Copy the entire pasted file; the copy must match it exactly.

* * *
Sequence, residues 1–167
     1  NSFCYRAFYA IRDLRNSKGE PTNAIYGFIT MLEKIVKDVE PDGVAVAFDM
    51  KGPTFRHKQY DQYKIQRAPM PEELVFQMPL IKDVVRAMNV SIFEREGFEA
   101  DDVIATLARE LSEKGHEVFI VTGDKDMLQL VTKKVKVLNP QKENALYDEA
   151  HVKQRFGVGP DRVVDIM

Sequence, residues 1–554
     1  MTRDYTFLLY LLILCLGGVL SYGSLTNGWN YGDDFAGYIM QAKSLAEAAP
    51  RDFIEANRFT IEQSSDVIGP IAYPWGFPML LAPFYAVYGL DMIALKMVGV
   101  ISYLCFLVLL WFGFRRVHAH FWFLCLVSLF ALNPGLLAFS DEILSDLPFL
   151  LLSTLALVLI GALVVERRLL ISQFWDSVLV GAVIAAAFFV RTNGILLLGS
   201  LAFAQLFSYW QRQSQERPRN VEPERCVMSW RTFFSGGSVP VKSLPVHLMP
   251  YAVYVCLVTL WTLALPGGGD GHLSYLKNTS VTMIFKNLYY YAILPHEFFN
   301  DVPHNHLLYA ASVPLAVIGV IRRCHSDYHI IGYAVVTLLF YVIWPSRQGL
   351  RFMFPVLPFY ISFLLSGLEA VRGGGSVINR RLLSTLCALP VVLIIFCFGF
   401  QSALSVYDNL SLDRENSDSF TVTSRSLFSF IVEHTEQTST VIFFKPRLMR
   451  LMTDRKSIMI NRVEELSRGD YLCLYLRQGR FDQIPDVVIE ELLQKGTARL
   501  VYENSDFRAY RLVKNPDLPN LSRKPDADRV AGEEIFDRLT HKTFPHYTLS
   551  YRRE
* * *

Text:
Sequence, residues 1–167
     1  NSFCYRAFYA IRDLRNSKGE PTNAIYGFIT MLEKIVKDVE PDGVAVAFDM
    51  KGPTFRHKQY DQYKIQRAPM PEELVFQMPL IKDVVRAMNV SIFEREGFEA
   101  DDVIATLARE LSEKGHEVFI VTGDKDMLQL VTKKVKVLNP QKENALYDEA
   151  HVKQRFGVGP DRVVDIM

Sequence, residues 1–554
     1  MTRDYTFLLY LLILCLGGVL SYGSLTNGWN YGDDFAGYIM QAKSLAEAAP
    51  RDFIEANRFT IEQSSDVIGP IAYPWGFPML LAPFYAVYGL DMIALKMVGV
   101  ISYLCFLVLL WFGFRRVHAH FWFLCLVSLF ALNPGLLAFS DEILSDLPFL
   151  LLSTLALVLI GALVVERRLL ISQFWDSVLV GAVIAAAFFV RTNGILLLGS
   201  LAFAQLFSYW QRQSQERPRN VEPERCVMSW RTFFSGGSVP VKSLPVHLMP
   251  YAVYVCLVTL WTLALPGGGD GHLSYLKNTS VTMIFKNLYY YAILPHEFFN
   301  DVPHNHLLYA ASVPLAVIGV IRRCHSDYHI IGYAVVTLLF YVIWPSRQGL
   351  RFMFPVLPFY ISFLLSGLEA VRGGGSVINR RLLSTLCALP VVLIIFCFGF
   401  QSALSVYDNL SLDRENSDSF TVTSRSLFSF IVEHTEQTST VIFFKPRLMR
   451  LMTDRKSIMI NRVEELSRGD YLCLYLRQGR FDQIPDVVIE ELLQKGTARL
   501  VYENSDFRAY RLVKNPDLPN LSRKPDADRV AGEEIFDRLT HKTFPHYTLS
   551  YRRE